A Course for Safe Boating
How a PWC Jet Pump Works
While propeller powered boats move forward by a rotating prop, a PWC jet
pump pulls water in through the impeller and uses a nozzle to powerfully
push water out. When you turn the handlebars to the right, the steering
nozzle also turns to the right and the water stream pushes the back of the
boat to the left, causing the personal watercraft to turn right.
Off Throttle Collision Risk and Stopping
Older PWC do not have a way to stop quickly because they have no brakes.
Depending on how fast you’re going, you will keep moving forward for several
seconds, and possibly several hundred feet after you let go of the throttle.
Without power or at idle speed, most of the steering control will also be lost.
You must apply the throttle and steer away to avoid obstacles. This loss of
control is a common cause of PWC accidents. Since 2003, most of the personal
watercraft manufacturers have developed off-throttle steering (holding some
RPMs on the engine after throttle release) on many models, as well as adding
braking systems using drop down rudders. However, it is important to learn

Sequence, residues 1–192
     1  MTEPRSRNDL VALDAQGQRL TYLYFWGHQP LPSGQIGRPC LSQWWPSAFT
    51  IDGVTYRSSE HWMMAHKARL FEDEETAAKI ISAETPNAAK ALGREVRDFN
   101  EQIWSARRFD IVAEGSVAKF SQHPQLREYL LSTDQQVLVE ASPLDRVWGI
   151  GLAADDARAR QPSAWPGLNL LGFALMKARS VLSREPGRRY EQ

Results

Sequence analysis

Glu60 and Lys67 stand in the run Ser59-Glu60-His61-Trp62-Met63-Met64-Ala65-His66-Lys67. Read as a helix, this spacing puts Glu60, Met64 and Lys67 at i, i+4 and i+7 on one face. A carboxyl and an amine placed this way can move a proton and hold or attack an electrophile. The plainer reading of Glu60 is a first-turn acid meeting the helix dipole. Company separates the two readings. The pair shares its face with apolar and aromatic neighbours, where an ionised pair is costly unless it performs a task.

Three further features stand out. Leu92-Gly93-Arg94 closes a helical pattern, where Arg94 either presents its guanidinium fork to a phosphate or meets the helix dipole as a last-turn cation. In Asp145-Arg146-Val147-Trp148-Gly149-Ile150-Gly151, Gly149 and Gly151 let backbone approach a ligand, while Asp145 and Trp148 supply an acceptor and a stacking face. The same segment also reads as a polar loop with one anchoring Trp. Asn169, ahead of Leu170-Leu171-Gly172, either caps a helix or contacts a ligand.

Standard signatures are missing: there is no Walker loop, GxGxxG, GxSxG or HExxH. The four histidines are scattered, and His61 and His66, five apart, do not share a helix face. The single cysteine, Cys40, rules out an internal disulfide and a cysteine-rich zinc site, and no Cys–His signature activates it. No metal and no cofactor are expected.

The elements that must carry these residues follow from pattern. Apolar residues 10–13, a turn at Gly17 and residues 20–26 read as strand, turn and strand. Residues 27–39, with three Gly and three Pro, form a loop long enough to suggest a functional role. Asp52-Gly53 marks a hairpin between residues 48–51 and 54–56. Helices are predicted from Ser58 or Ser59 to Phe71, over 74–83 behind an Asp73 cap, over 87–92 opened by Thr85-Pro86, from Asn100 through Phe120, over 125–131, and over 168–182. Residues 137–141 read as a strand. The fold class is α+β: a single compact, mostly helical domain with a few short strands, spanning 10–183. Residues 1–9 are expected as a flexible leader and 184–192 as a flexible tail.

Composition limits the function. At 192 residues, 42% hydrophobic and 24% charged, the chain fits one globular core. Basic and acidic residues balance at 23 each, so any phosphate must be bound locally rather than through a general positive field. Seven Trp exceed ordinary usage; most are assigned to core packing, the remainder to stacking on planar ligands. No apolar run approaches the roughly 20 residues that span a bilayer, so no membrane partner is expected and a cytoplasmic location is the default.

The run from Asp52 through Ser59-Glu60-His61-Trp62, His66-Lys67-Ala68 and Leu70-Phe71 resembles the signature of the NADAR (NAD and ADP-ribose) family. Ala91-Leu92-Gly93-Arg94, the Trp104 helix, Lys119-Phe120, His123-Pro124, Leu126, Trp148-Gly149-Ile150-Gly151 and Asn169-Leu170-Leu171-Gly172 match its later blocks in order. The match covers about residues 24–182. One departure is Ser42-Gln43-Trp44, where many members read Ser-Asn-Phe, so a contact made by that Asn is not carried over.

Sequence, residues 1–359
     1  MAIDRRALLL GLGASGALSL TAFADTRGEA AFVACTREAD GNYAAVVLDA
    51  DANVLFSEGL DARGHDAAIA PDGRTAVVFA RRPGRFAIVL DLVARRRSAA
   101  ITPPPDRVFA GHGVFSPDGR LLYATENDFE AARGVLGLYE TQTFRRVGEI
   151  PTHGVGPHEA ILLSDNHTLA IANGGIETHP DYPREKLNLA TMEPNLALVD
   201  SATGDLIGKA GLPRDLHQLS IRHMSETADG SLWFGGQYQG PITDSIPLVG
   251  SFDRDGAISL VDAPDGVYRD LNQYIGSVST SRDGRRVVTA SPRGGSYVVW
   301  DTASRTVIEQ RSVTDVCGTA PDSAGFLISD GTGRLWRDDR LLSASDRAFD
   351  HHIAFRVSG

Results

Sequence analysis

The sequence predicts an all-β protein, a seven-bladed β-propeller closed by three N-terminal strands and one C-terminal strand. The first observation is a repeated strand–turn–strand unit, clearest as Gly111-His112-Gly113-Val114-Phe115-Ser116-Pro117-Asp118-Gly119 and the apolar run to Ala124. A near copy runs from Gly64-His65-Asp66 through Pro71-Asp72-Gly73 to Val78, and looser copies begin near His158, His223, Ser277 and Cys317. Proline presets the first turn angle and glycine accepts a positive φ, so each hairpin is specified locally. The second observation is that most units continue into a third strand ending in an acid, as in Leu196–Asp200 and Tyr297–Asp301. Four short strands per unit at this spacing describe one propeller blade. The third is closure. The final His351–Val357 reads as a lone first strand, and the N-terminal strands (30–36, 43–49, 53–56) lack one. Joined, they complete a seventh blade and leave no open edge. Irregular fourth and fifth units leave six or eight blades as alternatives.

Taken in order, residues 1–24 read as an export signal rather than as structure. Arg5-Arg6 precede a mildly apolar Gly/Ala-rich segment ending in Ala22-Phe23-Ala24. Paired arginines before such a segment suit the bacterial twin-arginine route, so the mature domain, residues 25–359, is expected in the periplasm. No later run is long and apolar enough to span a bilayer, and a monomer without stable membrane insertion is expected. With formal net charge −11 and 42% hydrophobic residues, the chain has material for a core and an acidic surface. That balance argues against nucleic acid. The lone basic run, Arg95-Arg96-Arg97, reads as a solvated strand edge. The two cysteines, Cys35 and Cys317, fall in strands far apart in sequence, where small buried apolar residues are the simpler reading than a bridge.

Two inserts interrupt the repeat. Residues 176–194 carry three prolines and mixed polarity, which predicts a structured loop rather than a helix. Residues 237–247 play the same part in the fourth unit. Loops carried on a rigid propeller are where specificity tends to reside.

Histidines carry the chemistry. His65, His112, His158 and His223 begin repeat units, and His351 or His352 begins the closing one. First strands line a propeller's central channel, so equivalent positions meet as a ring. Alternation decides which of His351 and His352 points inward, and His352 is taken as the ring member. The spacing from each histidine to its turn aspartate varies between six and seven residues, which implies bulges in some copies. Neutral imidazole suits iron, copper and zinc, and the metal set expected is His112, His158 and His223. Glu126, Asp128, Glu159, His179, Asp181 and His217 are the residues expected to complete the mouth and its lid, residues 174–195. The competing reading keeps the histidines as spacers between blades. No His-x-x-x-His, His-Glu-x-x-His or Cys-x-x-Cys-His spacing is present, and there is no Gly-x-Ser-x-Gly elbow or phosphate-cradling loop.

the steering and stopping ability of your personal watercraft before operating
the vessel in crowded and/or unfamiliar waters.
PWC JET PUMP IMPELLER
follow or operate too closely to other
jump the wake of another boat within
100 feet of that boat.
operate a PWC while under the
influence of alcohol and/or drugs.
pollute the waterways.
It may take several hundred feet to
stop after throttle release to come to
a complete stop. Loss of steering also
occurs in personal watercraft without
off throttle steering (OTS) systems.
It is important to be alert and always
be ready to apply power and steer
away from a person, vessel or object
when riding personal watercraft not
equipped with OTS.